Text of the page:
The following Environment practice note provides comprehensive and up to date legal information covering:
As of exit day (31 January 2020) the UK is no longer an EU Member State. However, in accordance with the Withdrawal Agreement, the UK has entered an implementation period, during which it continues to be subject to EU law. This has an impact on this content.
For further guidance, see Practice Note: Brexit—impact on environmental law and News Analysis: Brexit Bulletin—key updates, research tips and resources.
Diffuse agricultural pollution is contamination of the soil, air and water environment resulting from farming activities. This pollution tends to arise over a wide geographical area and is dependent on what happens on the surface of the land. Activities such as ploughing, seedbed preparation, crop spraying, fertiliser spreading and applying slurry may all contribute to diffuse pollution. Run-off from farm roads and yards, the surface of fields and dusty roofs after rainfall are all potential sources of pollution. There is therefore a wide range of potential diffuse pollution sources which are associated with farming practices and which can harm the environment.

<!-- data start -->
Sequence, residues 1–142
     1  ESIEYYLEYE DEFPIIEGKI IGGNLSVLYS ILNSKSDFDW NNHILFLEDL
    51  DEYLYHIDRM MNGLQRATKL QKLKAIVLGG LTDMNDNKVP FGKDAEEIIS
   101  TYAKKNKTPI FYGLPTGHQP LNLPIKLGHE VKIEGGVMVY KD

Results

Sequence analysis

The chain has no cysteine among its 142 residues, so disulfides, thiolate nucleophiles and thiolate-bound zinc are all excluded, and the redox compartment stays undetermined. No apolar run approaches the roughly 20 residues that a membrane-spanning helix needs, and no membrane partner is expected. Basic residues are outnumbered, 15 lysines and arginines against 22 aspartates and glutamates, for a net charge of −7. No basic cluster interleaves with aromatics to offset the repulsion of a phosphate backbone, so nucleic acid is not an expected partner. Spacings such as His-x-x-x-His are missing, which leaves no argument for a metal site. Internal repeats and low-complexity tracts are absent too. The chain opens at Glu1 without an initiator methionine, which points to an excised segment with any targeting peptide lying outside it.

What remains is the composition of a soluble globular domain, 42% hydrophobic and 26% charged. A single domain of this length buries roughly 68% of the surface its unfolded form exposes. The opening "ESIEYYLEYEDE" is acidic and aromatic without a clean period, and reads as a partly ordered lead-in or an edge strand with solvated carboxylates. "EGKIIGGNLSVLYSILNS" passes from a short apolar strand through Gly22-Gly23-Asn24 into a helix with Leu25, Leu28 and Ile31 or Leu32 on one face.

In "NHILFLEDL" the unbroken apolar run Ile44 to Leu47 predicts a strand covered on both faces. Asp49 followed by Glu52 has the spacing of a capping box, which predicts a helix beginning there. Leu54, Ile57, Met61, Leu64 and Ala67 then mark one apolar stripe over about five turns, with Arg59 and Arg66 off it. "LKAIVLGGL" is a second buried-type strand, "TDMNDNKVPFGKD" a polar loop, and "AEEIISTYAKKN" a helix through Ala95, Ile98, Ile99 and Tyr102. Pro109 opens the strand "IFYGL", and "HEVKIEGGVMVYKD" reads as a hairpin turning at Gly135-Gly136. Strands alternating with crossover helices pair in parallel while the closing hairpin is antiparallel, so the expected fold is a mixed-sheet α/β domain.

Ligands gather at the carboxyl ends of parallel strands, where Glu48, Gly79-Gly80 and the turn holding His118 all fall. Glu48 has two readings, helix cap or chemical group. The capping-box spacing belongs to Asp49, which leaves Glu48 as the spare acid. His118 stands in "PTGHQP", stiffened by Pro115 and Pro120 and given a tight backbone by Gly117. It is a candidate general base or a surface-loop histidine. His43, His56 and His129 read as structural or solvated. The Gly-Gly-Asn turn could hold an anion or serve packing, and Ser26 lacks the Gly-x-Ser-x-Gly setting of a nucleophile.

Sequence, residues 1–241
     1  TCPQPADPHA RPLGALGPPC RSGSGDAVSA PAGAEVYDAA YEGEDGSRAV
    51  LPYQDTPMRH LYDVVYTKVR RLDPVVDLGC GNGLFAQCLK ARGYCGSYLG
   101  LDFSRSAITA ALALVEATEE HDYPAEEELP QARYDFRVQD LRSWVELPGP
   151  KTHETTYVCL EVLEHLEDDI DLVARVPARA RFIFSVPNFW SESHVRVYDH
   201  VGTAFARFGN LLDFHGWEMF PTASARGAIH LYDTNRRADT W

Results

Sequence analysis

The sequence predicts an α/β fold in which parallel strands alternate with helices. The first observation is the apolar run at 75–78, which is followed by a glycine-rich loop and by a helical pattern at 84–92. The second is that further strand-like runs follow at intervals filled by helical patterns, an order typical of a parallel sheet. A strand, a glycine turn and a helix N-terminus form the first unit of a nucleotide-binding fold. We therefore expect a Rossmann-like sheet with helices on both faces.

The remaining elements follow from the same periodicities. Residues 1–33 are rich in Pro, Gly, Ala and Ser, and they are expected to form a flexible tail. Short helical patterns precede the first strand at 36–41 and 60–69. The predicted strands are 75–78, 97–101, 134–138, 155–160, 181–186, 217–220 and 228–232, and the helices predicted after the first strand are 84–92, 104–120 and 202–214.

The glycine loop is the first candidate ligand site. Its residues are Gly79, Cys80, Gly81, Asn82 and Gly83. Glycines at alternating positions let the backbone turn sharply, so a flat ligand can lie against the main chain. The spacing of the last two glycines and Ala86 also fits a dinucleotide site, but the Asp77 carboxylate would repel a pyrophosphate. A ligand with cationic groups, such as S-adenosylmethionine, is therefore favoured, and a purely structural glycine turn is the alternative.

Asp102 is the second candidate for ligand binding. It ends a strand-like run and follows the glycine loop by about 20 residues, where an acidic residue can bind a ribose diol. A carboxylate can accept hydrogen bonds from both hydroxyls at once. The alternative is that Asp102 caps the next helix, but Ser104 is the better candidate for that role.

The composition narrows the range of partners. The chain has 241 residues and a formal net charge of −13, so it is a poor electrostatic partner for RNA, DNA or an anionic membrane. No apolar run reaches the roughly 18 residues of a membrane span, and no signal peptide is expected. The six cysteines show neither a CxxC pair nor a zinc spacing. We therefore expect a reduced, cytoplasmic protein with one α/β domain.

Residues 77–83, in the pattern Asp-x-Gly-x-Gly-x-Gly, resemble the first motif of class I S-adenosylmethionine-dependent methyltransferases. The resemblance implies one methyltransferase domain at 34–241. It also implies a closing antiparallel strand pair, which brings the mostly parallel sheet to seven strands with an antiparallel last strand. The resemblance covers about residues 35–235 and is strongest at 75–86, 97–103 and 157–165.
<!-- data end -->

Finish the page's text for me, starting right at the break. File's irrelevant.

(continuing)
Diffuse pollution from agriculture is a significant source of pollution in England as 70% of land is farmed. It is also a significant issue in Wales, for example Natural Resources Wales (NRW) deals with approximately 70–120 slurry pollution incidents from farms each year.
The main sources of diffuse pollution from agriculture are:
fertilisers—nitrogen, phosphates and
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This Precedent letter covers disclosure obligations under CPR 31. It does not apply to proceedings subject to the disclosure pilot scheme under CPR PD 51U. For guidance on the disclosure pilot scheme, see Practice Note: Business and Property Courts—the disclosure pilot scheme. For a client letter on
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